"Turning to the New Testament, we find the same doctrine taught just as plainly as in the Old. Neither Moses nor the prophets ever set forth the unity of God more strongly than Jesus himself. He taught it and reiterated it many times. Thus he says: 'The first of all the commandments is, Hear, O Israel: The lord our God is one Lord; and thou shalt love the Lord thy God with all thy heart, and with all thy soul...And the scribe said unto him, Well, Master, thou hast said the truth; for there is one God; and there is none other but he.' Mark 12:29-32. "The scribe said, 'There is one God, and there is none other but he. To this declaration Jesus assented. 'And this is life eternal, that they might know thee the only true God, and Jesus Christ, whom thou has sent.' John 17:3 Jesus says his Father is the only true God. But Trinitarians contradict this by saying that the Son and Holy Ghost are just as much the true God as the Father is... [1 Cor. 8:4-6 quoted] "Says the great apostle, 'There is none other God but one,' and 'there is but one God, the Father, of whom are all things.' He tells us who this one God is. It is not the Holy Ghost; it is not Jesus Christ, but it is the Father. Gal. 3:20; 1 Tim. 1:17.

There is, then, only one wise God. 1 Tim. 2:5; Dt. 6:4. Those who are familiar with the Bible will see that I have selected only a few of the plainest texts upon this doctrine. How the doctrine of the Trinity, of three Gods, can be reconciled with these positive statements I do not know. It seems to me that nothing can be framed which more clearly denies the doctrine of the Trinity, than do the Scriptures above quoted.

"And then the Bible never uses the phrases, 'Trinity,' 'triune God,' 'three in one,' 'the holy three," 'God the Holy Ghost,' etc. but it does emphatically say there is only one God, the Father. And every argument to prove three Gods in one person, God the Father, God the Son, and God the Holy Ghost, all of them of one substance, and every way equal to each other, and all three forming but one, contradicts itself, contradicts reason, and contradicts the Bible... "God is self-existent, and the source and author of all things,-of angels, of men, of all the worlds,-of everything. Thus Paul says, 'For of him and through him and to him, are all things; to whom be glory forever. Amen.' Rom. 11:36. "He is the source of all life and immortality. Thus, speaking of the Father, Paul says, 'Who only hath immortality, dwelling in the light which no man can approach unto.' 1 Tim. 6:16. Notice that this glorious God is the only one who, in himself, possesses immortality. That is, he is the fountain-head, the source of all life and immortality... "'For as the Father hath life in himself; so hath he given to the Son to have life in himself.' John 5:26. This statement is unequivocal. The Father has life in himself, and in his great love for his Son he bestows the same gift upon him; but it will be noticed that the Father is the one from whom the gift came... "How carefully Paul distinguishes between the Father and the Son. He says, 'The Father, of whom are all things,' and 'Jesus Christ, by whom are all things.' The Father is the source of everything. Jesus is the one through whom all things are done. All the authority, the glory, and the power of Christ he received from his Father...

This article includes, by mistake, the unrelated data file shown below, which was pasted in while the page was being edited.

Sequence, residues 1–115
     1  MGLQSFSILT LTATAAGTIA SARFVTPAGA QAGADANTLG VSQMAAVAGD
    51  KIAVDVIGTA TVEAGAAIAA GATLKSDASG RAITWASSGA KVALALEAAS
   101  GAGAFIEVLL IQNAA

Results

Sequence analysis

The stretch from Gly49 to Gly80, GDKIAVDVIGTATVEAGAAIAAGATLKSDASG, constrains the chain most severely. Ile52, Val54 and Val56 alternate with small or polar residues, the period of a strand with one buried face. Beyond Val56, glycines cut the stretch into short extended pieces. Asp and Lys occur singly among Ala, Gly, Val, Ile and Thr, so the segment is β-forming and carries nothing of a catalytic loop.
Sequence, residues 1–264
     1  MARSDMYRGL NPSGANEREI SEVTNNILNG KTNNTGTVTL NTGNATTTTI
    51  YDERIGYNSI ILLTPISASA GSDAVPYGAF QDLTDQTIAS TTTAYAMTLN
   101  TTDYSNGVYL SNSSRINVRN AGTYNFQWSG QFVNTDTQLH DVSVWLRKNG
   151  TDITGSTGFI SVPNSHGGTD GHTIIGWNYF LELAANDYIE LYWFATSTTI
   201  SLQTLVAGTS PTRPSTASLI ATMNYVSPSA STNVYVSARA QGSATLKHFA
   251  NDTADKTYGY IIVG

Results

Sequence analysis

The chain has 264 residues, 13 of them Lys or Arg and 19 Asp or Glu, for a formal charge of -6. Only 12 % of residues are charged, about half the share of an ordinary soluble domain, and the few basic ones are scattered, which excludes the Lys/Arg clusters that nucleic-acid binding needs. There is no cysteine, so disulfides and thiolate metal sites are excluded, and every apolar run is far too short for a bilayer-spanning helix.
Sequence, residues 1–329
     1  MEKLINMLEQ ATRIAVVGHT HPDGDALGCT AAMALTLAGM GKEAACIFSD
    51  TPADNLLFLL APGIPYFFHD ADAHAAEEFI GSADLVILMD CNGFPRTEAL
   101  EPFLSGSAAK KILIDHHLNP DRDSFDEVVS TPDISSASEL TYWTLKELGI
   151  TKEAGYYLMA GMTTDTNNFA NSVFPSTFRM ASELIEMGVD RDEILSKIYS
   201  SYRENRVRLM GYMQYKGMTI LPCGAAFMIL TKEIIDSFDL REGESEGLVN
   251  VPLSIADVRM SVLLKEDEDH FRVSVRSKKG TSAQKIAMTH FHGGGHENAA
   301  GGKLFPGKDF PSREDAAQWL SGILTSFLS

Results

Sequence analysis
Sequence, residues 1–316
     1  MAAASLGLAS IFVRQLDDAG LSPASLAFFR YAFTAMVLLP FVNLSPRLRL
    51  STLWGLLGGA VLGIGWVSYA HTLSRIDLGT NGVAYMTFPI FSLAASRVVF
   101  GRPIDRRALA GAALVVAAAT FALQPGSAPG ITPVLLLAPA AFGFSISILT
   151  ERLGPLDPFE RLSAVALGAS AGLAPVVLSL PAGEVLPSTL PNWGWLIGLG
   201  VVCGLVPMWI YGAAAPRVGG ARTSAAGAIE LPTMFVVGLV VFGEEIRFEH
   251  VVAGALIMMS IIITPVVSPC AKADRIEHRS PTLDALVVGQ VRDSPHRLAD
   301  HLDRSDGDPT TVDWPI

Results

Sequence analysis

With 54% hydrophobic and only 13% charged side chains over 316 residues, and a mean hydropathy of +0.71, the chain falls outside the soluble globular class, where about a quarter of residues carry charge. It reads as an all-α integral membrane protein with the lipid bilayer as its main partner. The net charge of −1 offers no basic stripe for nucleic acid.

"A belief in this doctrine is very important. Indeed, it cannot be too strongly insisted upon. Jesus even declares that the knowledge of this truth is necessary to eternal life. 'And this is life eternal, that they might know thee the only true God, and Jesus Christ, whom thou has sent.' John 17:3. "We must know the Father as the only true God. Then there is no true God besides the Father. But we must also know his Son Jesus Christ, whom he has sent. How simple and plain is this doctrine, and how abundantly sustained by the Holy Bible." Review and Herald, Aug. 29, 1878.

Did you catch what Brother Canright said? He said, “And every argument to prove three Gods in one person, God the Father, God the Son, and God the Holy Ghost, all of them of one substance, and every way equal to each other, and all three forming but one, contradicts itself, contradicts reason, and contradicts the Bible...” Sister White never corrected this statement and God never told her to correct Canright’s above statement. This is what Kellogg believed and this is in the 1981 Fundamental Beliefs.

We are getting a much better idea of how our religion has been changed.

In Chapter 40 - Part 11, we will finish the pioneer’s statements of belief about the Father and begin the pioneer’s statements of belief about God’s Son.